Data were analyzed with either two- or three-way ANOVA with repeated measures when applicable, followed by either post hoc Bonferroni test (more than two groups) or by independent samples unpaired t-test (two groups). Correlations between locomotor activity and place preference during the place preference test were calculated using Pearson's correlation. Statistical analyses were performed by using the statistical software packages SPSS 15.0 for Windows (SPSS, Chicago, IL, USA) and the Prism 5.0 program (GraphPad Software). Statistical significance was set at p<0.05. Data from both sexes were pooled unless otherwise stated. Data are expressed as means ± standard errors of the mean (SEM).


Locomotor activity in conditioning trials

Figure 1A–C represents an overview of the locomotor activities throughout the whole conditioning process in GluA1+/+ and GluA1−/− mice. GluA1−/− animals were hyperactive at the beginning of the eight-trial conditioning phase relative to GluA1+/+ animals (saline-treated control mice, genotype effect, F1,50 = 28.49, p<0.001), but habituated gradually to the level of GluA1+/+ mice (genotype×trial interaction, F7,350 = 18.15, p<0.001). No habituation was seen in GluA1+/+ mice (trial effect, p>0.05), with their locomotor activity remaining constant throughout the saline trials (see also Figs. 2A and 2C). No significant sex effects or interactions were found in place preference experiments (statistics not shown).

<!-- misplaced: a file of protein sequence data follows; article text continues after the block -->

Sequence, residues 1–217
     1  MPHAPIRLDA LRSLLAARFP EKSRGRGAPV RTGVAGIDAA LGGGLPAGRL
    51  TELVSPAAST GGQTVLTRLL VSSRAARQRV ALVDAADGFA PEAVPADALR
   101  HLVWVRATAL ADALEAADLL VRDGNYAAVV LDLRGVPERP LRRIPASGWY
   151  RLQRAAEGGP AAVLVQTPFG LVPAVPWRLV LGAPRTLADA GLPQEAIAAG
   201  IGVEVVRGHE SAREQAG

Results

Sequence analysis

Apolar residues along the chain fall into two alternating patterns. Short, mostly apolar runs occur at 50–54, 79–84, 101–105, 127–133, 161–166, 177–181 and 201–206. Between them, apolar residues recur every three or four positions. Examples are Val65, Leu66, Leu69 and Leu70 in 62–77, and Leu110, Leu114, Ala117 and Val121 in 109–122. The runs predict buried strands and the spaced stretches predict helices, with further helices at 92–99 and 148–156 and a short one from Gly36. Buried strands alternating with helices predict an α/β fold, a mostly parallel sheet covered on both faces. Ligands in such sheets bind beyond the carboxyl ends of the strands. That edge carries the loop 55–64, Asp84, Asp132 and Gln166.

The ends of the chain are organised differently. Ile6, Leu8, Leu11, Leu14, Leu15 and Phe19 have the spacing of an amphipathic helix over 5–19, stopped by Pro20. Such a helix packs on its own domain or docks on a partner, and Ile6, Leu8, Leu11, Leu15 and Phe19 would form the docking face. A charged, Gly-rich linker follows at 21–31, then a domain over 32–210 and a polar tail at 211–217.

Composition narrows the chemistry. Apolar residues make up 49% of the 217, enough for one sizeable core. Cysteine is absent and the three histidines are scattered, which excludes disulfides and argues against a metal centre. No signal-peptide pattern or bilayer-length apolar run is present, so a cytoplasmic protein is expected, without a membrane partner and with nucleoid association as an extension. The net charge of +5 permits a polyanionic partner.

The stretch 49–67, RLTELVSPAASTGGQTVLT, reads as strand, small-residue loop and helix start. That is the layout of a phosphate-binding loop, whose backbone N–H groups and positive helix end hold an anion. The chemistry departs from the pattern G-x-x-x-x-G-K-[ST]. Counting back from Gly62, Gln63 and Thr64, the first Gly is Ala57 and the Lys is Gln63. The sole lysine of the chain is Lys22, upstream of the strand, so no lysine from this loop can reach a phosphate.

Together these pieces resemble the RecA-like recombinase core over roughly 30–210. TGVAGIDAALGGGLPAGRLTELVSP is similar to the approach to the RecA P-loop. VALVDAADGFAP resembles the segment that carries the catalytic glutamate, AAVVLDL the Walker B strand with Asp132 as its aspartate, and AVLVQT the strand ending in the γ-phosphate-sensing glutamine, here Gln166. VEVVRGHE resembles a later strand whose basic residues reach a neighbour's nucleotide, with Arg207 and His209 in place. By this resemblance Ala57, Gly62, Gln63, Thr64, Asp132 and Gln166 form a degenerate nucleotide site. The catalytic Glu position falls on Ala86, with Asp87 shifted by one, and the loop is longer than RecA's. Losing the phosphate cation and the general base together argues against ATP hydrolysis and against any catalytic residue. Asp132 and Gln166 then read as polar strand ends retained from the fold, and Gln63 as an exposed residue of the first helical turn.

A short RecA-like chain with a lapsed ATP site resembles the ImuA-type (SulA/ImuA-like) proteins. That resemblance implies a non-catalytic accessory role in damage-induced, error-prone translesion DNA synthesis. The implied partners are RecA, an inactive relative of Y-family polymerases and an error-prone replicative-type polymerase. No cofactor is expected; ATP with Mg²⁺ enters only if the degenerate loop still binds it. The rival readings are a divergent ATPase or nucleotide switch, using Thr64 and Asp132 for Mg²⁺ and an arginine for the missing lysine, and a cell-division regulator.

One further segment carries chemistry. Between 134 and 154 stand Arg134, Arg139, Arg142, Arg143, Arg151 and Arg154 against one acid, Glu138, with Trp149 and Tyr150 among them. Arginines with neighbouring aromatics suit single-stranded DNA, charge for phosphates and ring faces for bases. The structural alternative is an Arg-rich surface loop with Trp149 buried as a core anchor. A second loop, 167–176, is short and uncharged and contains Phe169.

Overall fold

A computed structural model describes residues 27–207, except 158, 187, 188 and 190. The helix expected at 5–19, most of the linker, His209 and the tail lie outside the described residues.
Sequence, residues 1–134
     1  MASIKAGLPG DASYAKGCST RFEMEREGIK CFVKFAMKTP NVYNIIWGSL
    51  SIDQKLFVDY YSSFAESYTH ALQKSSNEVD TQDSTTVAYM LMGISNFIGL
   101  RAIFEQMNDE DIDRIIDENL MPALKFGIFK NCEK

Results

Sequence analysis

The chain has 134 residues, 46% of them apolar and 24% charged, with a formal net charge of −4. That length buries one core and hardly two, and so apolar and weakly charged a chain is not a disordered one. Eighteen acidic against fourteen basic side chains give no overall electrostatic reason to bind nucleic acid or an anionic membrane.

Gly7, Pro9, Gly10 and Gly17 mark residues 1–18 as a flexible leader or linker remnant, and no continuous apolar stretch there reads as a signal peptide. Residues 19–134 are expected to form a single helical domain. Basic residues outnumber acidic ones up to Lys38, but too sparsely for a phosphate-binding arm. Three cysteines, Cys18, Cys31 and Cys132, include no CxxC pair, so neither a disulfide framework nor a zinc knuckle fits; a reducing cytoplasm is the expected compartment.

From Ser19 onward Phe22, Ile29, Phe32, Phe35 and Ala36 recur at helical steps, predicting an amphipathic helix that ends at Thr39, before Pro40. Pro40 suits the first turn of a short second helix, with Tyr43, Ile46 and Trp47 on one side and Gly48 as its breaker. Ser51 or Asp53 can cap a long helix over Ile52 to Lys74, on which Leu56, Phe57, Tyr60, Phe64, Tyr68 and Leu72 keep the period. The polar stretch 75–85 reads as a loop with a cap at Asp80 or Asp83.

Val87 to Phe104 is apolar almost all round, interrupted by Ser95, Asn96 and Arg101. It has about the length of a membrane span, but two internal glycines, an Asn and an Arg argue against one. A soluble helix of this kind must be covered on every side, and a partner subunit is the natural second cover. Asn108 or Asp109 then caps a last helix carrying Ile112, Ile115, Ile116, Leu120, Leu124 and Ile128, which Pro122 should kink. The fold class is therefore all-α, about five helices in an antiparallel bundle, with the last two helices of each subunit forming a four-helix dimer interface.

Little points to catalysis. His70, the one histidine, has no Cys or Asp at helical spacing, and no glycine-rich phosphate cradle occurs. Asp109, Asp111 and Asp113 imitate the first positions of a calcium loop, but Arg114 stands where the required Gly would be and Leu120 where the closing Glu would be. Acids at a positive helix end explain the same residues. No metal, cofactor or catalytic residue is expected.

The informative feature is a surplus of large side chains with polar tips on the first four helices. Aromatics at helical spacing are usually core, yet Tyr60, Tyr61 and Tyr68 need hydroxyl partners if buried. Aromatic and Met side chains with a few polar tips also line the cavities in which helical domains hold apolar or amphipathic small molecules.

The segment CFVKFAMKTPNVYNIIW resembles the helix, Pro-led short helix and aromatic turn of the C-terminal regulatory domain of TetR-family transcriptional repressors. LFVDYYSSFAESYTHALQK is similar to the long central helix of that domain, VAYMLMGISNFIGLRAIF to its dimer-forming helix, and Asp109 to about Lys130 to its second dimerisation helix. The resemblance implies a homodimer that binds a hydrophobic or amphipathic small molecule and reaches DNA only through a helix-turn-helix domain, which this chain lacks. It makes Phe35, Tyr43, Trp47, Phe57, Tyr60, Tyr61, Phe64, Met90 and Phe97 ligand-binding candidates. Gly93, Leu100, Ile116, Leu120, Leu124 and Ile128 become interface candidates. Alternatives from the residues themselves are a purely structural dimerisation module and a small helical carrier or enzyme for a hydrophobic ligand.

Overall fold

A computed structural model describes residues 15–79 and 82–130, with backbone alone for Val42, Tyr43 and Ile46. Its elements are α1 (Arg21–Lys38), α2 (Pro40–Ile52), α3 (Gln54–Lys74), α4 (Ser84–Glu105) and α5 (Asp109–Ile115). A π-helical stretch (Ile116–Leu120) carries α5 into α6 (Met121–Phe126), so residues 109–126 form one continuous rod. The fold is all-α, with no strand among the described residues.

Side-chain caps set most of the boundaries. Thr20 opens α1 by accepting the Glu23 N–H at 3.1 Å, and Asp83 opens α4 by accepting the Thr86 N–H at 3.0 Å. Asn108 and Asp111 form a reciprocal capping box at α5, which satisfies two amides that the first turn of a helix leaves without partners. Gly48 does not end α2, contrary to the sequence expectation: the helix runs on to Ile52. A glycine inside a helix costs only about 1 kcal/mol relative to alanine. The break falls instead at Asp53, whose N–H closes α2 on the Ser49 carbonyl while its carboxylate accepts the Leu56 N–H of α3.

Figure 1. Distance moved during each of the eight conditioning trials for the GluA1−/− (−/−) mice and their littermate wildtype GluA1+/+ mice (+/+).

In CS+ trials, animals were injected with saline (saline control animals) (A), morphine 10 mg/kg (B) or morphine 20 mg/kg (C) immediately before transferring them into cages, in which their locomotor activity was recorded for 30 min. Saline was injected in CS− trials. Data represent means ± SEM, n = 24–49. *p<0.05, **p<0.01, ***p<0.001, between the genotypes, t-test. S = Saline; 10 and 20 denote doses of morphine in mg/kg.

Figure 2. Morphine-induced locomotor sensitization in GluA1−/− and GluA1+/+ mice.